Elsevier. "Disadvantaged, non-college bound young adults at risk for excessive weight gain." ScienceDaily. ScienceDaily, 22 January 2014. <www.sciencedaily.com/releases/2014/01/140122091445.htm>.
Elsevier. (2014, January 22). Disadvantaged, non-college bound young adults at risk for excessive weight gain. ScienceDaily. Retrieved July 25, 2014 from www.sciencedaily.com/releases/2014/01/140122091445.htm
Elsevier. "Disadvantaged, non-college bound young adults at risk for excessive weight gain." ScienceDaily. www.sciencedaily.com/releases/2014/01/140122091445.htm (accessed July 25, 2014).

Share This




More Mind & Brain News

Friday, July 25, 2014

Featured Research

from universities, journals, and other organizations


Featured Videos

from AP, Reuters, AFP, and other news services

University Quiz Implies Atheists Are Smarter Than Christians

University Quiz Implies Atheists Are Smarter Than Christians

Newsy (July 25, 2014) An online quiz from a required course at Ohio State is making waves for suggesting atheists are inherently smarter than Christians. Video provided by Newsy
Powered by NewsLook.com
Beatings and Addiction: Pakistan Drug 'clinic' Tortures Patients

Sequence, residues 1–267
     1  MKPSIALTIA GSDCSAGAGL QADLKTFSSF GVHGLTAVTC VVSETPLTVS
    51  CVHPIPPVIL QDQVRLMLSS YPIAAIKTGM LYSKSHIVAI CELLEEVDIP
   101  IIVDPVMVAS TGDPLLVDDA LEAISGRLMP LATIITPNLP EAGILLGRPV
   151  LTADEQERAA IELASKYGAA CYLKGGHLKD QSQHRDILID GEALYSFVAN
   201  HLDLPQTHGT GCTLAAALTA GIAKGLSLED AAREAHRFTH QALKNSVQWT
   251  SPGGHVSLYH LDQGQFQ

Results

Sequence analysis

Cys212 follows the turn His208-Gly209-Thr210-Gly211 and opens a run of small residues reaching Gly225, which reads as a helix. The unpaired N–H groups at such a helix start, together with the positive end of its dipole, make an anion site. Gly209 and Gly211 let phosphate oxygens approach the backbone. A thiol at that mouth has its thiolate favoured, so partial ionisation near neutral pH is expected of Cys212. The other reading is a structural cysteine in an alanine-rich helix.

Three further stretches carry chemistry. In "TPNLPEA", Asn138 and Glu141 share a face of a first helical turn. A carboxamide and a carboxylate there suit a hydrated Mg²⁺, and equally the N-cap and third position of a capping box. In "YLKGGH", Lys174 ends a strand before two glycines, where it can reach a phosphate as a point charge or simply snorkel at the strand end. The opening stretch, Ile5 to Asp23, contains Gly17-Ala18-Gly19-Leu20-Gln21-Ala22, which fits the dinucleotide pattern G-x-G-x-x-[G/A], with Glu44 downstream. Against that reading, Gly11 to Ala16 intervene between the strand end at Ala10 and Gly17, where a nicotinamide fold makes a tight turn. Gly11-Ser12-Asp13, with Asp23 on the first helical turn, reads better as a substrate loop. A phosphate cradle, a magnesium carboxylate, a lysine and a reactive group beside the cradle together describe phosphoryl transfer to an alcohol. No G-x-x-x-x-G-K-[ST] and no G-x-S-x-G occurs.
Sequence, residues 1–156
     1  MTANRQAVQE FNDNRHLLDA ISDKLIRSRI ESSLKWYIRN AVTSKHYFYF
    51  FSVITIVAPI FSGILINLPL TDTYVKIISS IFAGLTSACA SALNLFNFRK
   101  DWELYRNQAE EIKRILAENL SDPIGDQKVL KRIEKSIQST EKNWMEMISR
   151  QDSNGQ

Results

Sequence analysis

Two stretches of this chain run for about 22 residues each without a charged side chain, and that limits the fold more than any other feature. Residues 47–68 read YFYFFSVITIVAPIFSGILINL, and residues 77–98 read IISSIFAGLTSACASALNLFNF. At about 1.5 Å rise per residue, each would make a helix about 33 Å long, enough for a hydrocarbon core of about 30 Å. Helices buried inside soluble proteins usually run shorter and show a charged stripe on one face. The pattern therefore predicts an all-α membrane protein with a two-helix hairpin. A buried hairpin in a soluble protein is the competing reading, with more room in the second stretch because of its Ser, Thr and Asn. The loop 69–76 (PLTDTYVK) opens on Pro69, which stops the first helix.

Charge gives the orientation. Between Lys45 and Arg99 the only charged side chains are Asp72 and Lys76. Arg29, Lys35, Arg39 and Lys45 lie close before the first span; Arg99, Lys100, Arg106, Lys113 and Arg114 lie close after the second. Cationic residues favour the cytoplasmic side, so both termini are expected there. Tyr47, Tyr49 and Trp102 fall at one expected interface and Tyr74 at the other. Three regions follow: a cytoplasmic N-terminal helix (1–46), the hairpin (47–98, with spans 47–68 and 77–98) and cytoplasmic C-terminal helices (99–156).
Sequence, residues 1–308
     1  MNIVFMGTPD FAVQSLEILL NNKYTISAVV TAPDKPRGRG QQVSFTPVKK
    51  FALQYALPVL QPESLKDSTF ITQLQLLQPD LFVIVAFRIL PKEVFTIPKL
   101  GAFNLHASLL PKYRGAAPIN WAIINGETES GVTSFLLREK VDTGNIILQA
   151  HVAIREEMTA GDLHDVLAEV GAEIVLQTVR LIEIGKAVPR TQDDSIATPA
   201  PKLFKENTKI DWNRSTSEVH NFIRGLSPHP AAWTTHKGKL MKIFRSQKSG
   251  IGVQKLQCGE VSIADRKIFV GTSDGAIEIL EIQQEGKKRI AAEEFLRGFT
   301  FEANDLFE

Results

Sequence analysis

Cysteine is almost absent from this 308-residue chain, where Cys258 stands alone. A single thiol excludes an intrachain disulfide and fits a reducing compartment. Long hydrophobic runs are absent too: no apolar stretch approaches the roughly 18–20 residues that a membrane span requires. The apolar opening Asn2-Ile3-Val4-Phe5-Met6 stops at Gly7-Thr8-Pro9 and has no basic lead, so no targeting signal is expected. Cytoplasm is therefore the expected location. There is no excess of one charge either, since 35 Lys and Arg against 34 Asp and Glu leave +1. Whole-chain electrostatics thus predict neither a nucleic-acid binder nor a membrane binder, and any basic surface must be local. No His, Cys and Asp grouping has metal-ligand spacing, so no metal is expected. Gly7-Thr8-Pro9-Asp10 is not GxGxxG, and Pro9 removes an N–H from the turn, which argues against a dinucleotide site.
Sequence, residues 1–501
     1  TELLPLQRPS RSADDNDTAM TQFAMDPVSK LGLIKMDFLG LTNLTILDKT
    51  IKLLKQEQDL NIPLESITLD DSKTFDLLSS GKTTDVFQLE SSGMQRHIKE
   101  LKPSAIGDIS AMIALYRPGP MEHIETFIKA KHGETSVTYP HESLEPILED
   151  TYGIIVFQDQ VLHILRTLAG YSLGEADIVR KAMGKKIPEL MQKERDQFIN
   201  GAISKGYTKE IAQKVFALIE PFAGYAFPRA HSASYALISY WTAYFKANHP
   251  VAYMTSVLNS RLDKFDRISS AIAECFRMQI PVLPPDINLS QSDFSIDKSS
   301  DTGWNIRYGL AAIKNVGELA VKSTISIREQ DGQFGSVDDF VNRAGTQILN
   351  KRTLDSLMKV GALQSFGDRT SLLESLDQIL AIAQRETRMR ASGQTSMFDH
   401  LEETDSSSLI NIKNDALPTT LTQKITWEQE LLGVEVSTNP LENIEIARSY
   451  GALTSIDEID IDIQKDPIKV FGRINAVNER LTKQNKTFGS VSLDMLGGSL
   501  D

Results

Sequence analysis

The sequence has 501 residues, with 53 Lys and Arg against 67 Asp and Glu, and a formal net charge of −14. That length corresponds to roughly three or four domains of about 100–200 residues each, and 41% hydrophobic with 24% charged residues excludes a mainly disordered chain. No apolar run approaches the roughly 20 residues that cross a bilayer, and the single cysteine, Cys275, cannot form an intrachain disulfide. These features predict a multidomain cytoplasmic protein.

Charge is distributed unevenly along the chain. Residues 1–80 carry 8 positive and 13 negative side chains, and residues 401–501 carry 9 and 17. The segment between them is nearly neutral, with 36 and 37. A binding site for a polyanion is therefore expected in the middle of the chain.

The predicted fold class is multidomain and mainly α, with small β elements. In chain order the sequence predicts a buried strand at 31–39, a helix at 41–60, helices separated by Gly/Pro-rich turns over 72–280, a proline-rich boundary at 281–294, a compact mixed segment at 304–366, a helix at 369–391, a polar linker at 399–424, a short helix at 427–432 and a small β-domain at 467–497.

Beatings and Addiction: Pakistan Drug 'clinic' Tortures Patients

AFP (July 24, 2014) A so-called drugs rehab 'clinic' is closed down in Pakistan after police find scores of ‘patients’ chained up alleging serial abuse. Duration 03:05 Video provided by AFP
Powered by NewsLook.com
New Painkiller Designed To Discourage Abuse: Will It Work?

New Painkiller Designed To Discourage Abuse: Will It Work?

Newsy (July 24, 2014) The FDA approved Targiniq ER on Wednesday, a painkiller designed to keep users from abusing it. Like any new medication, however, it has doubters. Video provided by Newsy
Powered by NewsLook.com
Can Watching TV Make You Feel Like A Failure?

Can Watching TV Make You Feel Like A Failure?

Newsy (July 24, 2014) A study by German researchers claims watching TV while you're stressed out can make you feel guilty and like a failure. Video provided by Newsy
Powered by NewsLook.com

Search ScienceDaily

Number of stories in archives: 140,361

Find with keyword(s):
Enter a keyword or phrase to search ScienceDaily for related topics and research stories.

Save/Print:
Share:

Breaking News:
from the past week

In Other News

... from NewsDaily.com

Science News

Health News

Environment News

Technology News



Save/Print:
Share:

Free Subscriptions


Get the latest science news with ScienceDaily's free email newsletters, updated daily and weekly. Or view hourly updated newsfeeds in your RSS reader:

Get Social & Mobile


Keep up to date with the latest news from ScienceDaily via social networks and mobile apps:

Have Feedback?


Tell us what you think of ScienceDaily -- we welcome both positive and negative comments. Have any problems using the site? Questions?
Mobile: iPhone Android Web
Follow: Facebook Twitter Google+
Subscribe: RSS Feeds Email Newsletters
Latest Headlines Health & Medicine Mind & Brain Space & Time Matter & Energy Computers & Math Plants & Animals Earth & Climate Fossils & Ruins